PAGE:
The question of bodily autonomy and the threshold of ability assigned to and by people with differing abilities is also an important theme throughout the movie. The former campers discuss how their sexual awakenings led them to feel more confident in their bodies and gain a refreshed motivation to assert themselves as beings with desire, who can also be desired by anyone. For others, drag and using their bodies in performance allowed them to access a more open form of bodily expression and autonomy.
In some ways, the most critical exploration of ability happened for many of them during acts of civil disobedience and protest. In 1977, over one hundred people, most of them with disabilities, staged a sit-in at the San Francisco Office of the U.S. Department of Health, Education, and Welfare. Judith Heumann, interviewed throughout “Crip Camp,” led this protest, which amplified the voices of people with disabilities, demanded visibility and personal power regardless of physical capacity. A taxing ordeal, even for the able-bodied participants, the sit-in succeeded in attaining signed legislation. “Crip Camp” draws on these different stories to create a greater narrative about people with disabilities that retains their power from their experiences.
WHY YOU NEED TO WATCH: “Crip Camp” also excels as a representation of subtle creative acts that nourish radical thought. Lebrecht’s lasting footage of his time at Camp Jened resists categorization only as a document of the past. The discussions and playful movements he captures amongst the campers relevantly align with their later protests and current lives. We see glimpses of Judith Heumann’s dedication to anti-discrimination activism as she organizes campers around deciding dining hall meals. The beginnings of critical discussions around social constructions of humanity are evident in the footage where campers get together to talk about their parents’ involvement in their lives and the privacy denied to them. Later on, as activists reflect on their participation in the protests, they explain how each person’s identity and social involvements enriched their movement. Reacting to archival footage presented throughout the documentary, these activists reveal the importance of leading with the recognition of the intersectionality of their cause. This recognition allowed them to mobilize in new ways and continuously educate and reeducate each other as their environment developed.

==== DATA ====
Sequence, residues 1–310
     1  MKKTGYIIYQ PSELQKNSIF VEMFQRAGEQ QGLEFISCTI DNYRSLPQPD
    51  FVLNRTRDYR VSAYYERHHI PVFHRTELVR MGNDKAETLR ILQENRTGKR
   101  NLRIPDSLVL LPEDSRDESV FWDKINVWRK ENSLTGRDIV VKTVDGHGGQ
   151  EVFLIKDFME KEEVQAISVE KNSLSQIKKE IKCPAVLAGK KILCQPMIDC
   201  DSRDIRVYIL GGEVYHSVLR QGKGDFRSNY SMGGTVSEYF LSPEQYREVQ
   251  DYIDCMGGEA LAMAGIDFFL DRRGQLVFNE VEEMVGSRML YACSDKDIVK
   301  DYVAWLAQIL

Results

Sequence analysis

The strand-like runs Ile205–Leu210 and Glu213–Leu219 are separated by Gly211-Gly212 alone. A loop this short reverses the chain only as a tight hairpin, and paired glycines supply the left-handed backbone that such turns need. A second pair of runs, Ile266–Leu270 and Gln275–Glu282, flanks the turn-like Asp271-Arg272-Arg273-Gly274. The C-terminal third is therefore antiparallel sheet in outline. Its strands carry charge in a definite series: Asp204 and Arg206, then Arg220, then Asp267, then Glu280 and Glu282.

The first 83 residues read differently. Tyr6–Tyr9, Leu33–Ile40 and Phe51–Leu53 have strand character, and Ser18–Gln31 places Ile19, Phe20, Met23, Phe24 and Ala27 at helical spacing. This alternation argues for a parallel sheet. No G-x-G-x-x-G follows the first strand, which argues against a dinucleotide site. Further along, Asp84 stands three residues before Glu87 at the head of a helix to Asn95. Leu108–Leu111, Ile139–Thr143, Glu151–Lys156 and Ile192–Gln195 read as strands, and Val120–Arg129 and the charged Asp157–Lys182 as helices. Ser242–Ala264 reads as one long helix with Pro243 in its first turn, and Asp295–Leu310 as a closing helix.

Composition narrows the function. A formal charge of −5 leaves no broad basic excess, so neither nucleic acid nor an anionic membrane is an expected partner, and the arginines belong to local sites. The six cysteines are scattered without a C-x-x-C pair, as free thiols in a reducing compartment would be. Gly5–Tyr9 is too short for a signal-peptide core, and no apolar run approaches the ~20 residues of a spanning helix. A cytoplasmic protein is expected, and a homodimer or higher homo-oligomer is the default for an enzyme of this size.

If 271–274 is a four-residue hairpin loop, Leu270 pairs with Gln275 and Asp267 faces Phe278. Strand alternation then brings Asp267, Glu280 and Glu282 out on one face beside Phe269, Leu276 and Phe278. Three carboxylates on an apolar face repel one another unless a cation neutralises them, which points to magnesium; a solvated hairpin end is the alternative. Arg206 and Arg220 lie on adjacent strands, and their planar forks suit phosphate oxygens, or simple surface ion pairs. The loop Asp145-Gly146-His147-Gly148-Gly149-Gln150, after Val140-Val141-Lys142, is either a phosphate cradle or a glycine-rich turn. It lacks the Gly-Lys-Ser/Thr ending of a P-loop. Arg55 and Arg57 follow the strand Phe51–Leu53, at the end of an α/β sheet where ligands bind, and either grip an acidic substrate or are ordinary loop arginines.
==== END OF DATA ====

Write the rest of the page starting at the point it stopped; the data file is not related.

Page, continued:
However, “Crip Camp” does not only represent a political movement, but its interwoven archival footage and intimate mode of interviews also create a developing testament to the profound artistic elements of documentation and review. This is something that is often accomplished by underrepresented figures in various social systems. Home video becomes valuable archival material in the hands of those who recognize its value, but often, the people who work with such footage are not always appreciated for their contribution to critical thought.
Therein lies one of the most beautiful aspects of this documentary: the exploration of one’s own identity through creative acts as a treatment for the internalized dehumanization cultivated by discriminative institutions. Near the end of the film, LeBrecht testifies to the pressure he put onto himself to attempt to overcome his disability, which ultimately took an immense toll on him. His involvement with the story, dedication to the anti-discrimination movement, and confessions about his journey of self-actualization come together as a bold statement. And, most importantly, it’s a revelation of a filmmaker coming to terms with the expectations and takeaways arising throughout the filmmaking process.
Crip Camp, 2020
Directors: James Lebrecht and Nicole Newnham